Let's start with (2). If college is a fundamentally social and political experience, the place where the future elite of the nation will meet each other and form a class identity, then the question of who gets into what college is really a question of who we want our elite to be. There is a strong argument to be made that we do not want our elite to be composed of people who are good at taking intelligence tests - which is what the old SAT was. I used to work at a firm who selected its employees almost entirely on the basis of their SAT scores and the schools they went to. We had a lot of very smart people, and we made some extraordinarily dumb mistakes, because intelligence isn't wisdom, isn't experience, isn't leadership, isn't strength of character, isn't all sorts of things we were relatively short of. Switching to an achievement test, or eliminating explicit entry criteria at all and selecting students according to the impressions, positive or negative, of the admissions staff, is a reversion to the old system of choosing an elite. Before the advent of the SAT, the nation's elite colleges were chosen from our nation's elite prep schools. The assumption was that these people were best-suited by cultural background to run the country and its major institutions. Even after the advent of the SAT, many colleges engaged in affirmative action on behalf of athletes and students from under-represented states; in each case, the goal was to select for qualities presumed to correlate with appropriateness for leadership (athletes are often considered natural leaders, and a diverse nation needs leaders from Missouri as well as from New York and Boston), not aptitude for academic achievement. Not incidentally, there was a strong desire to reduce the over-representation of Jews in the academy. Nowadays, exactly the same forces are in play, but on behalf of different groups - not white students from Missouri but black students from Los Angeles, and not with a desire to reduce the over-representation of Jews but to reduce the over-representation of Asians. If the purpose of an elite college is indeed to train the nation's elite, however, it is not obvious that these considerations are inappropriate. Indeed, it is easier to argue that a university that "looks like America" is appropriate if one is training the elite of the country than to argue that a university of students with high SAT scores is appropriate. The one will at least arguably make a contribution to social peace; the other, arguably, does no good at all, since it is manifestly unclear that good test-taking skills correlate with an aptitude for leadership.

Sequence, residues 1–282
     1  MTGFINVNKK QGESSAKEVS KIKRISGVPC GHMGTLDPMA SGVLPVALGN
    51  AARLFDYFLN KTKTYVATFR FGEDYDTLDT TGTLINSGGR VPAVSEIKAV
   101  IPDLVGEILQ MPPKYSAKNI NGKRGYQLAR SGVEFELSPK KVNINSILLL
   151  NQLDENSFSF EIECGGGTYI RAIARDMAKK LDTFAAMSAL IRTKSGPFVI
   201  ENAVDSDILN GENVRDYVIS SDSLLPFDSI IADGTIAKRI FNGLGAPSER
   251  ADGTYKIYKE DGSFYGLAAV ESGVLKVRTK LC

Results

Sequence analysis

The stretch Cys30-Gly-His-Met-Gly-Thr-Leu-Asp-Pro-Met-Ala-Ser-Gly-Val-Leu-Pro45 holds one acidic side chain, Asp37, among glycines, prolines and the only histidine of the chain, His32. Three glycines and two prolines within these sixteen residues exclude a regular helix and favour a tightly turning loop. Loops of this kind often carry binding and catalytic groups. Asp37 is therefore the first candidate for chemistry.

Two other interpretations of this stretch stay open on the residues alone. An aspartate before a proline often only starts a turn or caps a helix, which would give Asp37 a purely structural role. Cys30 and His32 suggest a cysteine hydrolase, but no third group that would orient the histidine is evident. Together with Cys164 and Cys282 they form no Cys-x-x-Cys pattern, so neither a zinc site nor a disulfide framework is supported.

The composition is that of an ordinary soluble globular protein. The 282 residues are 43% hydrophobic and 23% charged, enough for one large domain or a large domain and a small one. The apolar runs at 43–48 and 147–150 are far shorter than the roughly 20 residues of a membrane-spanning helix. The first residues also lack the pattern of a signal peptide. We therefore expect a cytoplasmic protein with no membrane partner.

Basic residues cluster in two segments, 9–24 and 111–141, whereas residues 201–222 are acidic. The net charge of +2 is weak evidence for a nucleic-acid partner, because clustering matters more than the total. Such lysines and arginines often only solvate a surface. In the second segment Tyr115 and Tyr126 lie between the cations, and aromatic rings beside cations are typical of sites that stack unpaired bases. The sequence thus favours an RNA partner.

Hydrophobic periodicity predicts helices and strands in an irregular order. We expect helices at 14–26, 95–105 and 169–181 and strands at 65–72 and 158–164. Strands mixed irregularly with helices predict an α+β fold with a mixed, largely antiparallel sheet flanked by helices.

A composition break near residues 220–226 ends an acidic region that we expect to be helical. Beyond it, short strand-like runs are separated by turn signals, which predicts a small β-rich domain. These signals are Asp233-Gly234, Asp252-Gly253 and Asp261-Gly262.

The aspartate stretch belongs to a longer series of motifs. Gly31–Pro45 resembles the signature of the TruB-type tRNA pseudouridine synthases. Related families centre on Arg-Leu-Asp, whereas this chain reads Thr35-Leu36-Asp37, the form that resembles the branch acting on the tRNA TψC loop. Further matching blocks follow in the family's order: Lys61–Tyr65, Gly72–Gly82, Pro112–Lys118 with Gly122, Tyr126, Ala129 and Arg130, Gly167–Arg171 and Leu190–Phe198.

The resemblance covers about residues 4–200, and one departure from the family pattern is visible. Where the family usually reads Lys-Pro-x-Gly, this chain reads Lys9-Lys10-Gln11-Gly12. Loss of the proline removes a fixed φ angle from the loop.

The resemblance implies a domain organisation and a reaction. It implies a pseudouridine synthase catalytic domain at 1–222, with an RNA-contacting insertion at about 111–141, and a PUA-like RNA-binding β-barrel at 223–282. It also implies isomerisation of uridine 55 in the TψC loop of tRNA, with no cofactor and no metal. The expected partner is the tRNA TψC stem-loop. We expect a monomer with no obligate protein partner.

Now let's go to answer (1). If college is fundamentally about cultivation of one's higher self - if it has no instrumental value, but is valuable for the thing itself - then admissions criteria should be radically different than for (2). But it is still not obvious that scoring well on an intelligence test is the right ticket in. More fundamentally, we must ask the question: how many students can be expected to benefit from such an education? A rigorous education along classical lines is likely to be beyond all but a tiny elite of students, and this elite is unlikely to have anything to do with the elite we would want running the country and its major institutions. If this is the student body we want for our elite colleges, then we should be testing not just academic achievement but talent. We probably need an admissions process something between the admissions process for schools of theology and that for schools of music; we'd be looking for both spiritual readiness and native talent. Neither is perfectly correlated to intelligence. If, on the other hand, we take a more democratic view of the importance of "higher learning" - if we take more of a 1950s attitude and less of a 1920s attitude - then it is unclear why colleges should be selective at all. Let's make an analogy: in the 1950s, when there was considerable passion for cultivating the entire citizenry, the public schools and the mass media were primary means of such cultivation. And, excluding the special cases of racial segregation and the handful of elite prep schools, what distinguished the high schools of that era was their uniformity one to the other. They were all pretty much teaching the same things in the same way to a diverse student body. If we aspire to such an ideal of cultural literacy, and if we are determined to use colleges rather than primary and secondary schools to achieve this, then I don't see a strong basis for having colleges be selective in admissions. Rather, the ideal would seem to be the open admissions system: come one, come all, and if you can do the work you pass, and if not you fail out.